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The Affordable Care Act’s size and scope led to some incredible flops in states such as Maryland , Nevada, Hawaii and Oregon , where Web sites intended to help people gain health insurance coverage failed miserably. But other states fared better: Love or hate the ACA, California implemented the complex new law better than every other state. The software worked, red tape was cut, and sign-ups, for the most part, went smoothly.
In the Golden State, more than 2.5 million people signed up for coverage during the first six months of open enrollment. More than 42 percent of those eligible to sign up for care in California did so, a rate second only to Vermont’s. Medicaid enrollment in California jumped almost 16 percent, putting it in the top quartile of states. California was one of only six states to grow their private insurance rolls more than their Medicaid numbers, even after accepting federal dollars to expand Medicaid.
California’s success comes in large part because it broke down barriers between bureaucratic programs, said Edwin Park, vice president for health policy at the left-leaning Center on Budget and Policy Priorities. It was one of five states to simplify Medicaid enrollment for low-income residents who receive federal food stamp benefits. And even before the open-enrollment period began Oct. 1, several California counties expanded their Medicaid rolls, ensuring that about half a million low-income residents would be covered immediately.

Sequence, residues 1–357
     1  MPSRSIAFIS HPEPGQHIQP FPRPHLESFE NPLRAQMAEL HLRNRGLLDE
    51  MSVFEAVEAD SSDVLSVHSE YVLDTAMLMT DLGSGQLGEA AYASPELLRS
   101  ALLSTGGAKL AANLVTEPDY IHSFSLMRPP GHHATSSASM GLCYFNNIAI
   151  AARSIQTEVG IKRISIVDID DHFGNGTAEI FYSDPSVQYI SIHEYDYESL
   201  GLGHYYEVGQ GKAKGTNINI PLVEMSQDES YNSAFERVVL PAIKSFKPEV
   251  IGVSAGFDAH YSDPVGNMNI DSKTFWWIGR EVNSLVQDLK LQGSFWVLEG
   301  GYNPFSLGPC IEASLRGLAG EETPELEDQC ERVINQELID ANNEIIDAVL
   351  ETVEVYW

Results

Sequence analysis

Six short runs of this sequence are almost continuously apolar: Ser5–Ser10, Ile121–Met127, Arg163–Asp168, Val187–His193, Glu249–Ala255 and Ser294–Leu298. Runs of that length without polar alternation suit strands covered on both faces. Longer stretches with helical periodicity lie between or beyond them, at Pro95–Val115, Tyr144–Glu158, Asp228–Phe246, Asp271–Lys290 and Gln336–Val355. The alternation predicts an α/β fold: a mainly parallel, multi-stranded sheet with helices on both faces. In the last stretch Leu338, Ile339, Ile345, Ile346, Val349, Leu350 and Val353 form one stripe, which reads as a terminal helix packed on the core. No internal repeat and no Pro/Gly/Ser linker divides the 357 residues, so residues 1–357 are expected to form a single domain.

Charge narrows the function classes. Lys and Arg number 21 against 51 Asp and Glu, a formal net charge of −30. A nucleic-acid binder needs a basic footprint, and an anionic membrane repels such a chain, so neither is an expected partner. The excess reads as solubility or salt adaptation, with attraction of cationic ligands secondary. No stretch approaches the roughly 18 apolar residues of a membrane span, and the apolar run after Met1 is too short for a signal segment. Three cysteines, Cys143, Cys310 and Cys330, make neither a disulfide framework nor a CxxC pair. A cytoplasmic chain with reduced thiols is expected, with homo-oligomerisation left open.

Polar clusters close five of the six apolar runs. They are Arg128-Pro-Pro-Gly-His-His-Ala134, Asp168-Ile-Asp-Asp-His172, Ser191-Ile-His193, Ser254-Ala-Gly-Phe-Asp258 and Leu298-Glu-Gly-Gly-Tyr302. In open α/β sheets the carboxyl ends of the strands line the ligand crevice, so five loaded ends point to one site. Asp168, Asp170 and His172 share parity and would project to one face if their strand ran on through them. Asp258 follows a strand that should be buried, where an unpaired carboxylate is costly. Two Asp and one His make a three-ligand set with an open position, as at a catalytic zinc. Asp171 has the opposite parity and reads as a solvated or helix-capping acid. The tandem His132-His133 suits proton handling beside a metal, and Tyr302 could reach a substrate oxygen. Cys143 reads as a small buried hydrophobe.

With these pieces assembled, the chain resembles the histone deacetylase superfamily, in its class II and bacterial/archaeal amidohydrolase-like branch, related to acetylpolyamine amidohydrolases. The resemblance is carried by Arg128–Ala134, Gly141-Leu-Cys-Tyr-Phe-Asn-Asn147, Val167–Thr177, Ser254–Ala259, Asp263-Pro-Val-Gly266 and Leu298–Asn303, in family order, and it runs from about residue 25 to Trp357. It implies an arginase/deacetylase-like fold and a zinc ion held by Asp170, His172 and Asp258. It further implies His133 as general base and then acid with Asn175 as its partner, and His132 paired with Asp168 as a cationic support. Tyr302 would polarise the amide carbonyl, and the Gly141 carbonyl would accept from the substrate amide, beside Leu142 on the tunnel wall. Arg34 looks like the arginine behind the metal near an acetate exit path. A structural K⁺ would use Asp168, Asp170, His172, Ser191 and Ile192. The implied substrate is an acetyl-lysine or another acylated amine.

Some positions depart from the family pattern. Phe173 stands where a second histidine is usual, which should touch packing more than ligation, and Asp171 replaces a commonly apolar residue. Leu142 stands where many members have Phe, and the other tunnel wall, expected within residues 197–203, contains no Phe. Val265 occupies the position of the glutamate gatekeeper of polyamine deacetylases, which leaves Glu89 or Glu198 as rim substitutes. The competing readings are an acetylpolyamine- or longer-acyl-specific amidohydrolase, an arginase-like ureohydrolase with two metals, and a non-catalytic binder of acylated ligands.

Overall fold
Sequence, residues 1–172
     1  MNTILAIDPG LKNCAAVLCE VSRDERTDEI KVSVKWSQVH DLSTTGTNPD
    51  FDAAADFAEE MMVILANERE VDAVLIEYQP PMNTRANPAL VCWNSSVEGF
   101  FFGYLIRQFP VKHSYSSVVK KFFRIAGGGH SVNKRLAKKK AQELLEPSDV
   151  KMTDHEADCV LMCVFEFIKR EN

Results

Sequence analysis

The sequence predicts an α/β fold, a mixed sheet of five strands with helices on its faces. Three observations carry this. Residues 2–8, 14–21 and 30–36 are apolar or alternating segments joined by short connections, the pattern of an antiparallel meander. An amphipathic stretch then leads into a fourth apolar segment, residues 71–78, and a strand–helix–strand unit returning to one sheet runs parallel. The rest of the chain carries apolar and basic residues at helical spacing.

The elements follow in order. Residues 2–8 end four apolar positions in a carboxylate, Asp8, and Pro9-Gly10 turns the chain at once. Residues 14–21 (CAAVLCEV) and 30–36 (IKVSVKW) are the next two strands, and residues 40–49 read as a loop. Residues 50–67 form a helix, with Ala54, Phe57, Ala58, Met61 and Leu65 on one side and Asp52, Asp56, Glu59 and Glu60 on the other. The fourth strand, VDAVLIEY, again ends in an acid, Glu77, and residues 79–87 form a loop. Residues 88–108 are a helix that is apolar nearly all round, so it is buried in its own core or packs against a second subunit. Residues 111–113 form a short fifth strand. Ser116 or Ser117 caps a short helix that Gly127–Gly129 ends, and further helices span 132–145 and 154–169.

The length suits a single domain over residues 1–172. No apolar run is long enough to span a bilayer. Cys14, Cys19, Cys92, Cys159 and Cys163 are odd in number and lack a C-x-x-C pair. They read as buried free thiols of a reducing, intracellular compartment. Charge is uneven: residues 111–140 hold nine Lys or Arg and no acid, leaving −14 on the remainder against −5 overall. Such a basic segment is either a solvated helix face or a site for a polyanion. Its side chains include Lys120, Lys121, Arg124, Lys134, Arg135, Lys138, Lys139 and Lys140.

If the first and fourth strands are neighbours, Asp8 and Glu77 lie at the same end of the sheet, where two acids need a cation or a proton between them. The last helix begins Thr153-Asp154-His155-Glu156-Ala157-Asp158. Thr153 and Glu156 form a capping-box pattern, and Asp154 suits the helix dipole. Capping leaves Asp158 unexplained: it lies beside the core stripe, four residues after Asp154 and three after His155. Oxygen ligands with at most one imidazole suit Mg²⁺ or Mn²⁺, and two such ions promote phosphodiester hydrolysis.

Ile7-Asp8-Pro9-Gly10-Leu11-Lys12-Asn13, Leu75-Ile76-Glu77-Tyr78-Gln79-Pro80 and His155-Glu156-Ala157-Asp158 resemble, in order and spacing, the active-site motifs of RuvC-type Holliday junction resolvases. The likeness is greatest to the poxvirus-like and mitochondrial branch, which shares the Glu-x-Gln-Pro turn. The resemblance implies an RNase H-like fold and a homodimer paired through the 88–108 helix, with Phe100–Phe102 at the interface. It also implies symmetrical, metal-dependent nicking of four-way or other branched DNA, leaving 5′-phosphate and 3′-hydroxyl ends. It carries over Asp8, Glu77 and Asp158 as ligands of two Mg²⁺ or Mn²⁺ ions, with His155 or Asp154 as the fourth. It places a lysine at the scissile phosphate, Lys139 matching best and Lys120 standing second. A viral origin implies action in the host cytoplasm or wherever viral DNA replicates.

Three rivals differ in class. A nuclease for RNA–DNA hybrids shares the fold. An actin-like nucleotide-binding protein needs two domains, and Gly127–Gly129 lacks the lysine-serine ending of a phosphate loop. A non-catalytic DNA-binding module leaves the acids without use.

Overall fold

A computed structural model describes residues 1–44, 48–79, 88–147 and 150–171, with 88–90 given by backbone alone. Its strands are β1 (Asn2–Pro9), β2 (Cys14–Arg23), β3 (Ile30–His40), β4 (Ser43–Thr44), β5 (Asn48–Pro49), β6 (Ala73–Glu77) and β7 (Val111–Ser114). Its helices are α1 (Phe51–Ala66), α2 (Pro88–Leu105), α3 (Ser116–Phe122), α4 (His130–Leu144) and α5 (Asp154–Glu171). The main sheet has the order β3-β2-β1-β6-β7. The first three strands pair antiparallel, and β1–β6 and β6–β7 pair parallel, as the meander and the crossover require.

“That’s a way where you can really find the eligibles right away. You don’t have to wait for them to apply,” Park said.
California built up enrollment in private plans through outreach and publicity campaigns, funded in part by the federal government and by grants from private foundations. More than 1.4 million people enrolled in marketplace plans, according to data compiled by the Department of Health and Human Services and the Centers for Medicare and Medicaid Services; a little less than 1.2 million enrolled in Medicaid or the Children’s Health Insurance Program.
Rhode Island, Vermont, Idaho and Washington state scored near the top in many metrics. Vermont enrolled more than 85 percent of its potential marketplace population in health-care plans. About 45 percent of the sign-ups in the District came from the highly sought-after 18-to-34 age group, by far the highest rate in the nation, fueled largely by Capitol Hill staffers who had to enroll through the District’s exchange.
Among those states that ran their own exchanges, Hawaii, which had software difficulties, performed worst. Under 15 percent of the eligible population enrolled, according to estimates from the Kaiser Family Foundation, and only 20 percent of them were in the 18-to-34 age group. Alaska, Nebraska and Wyoming came in near the bottom as well. Those three states refused to create their own exchanges and relied on the federal HealthCare.gov exchange.
When the next open-enrollment period begins, those states should make an appointment with California. The Golden State’s solutions have turned out to be just what the doctor ordered.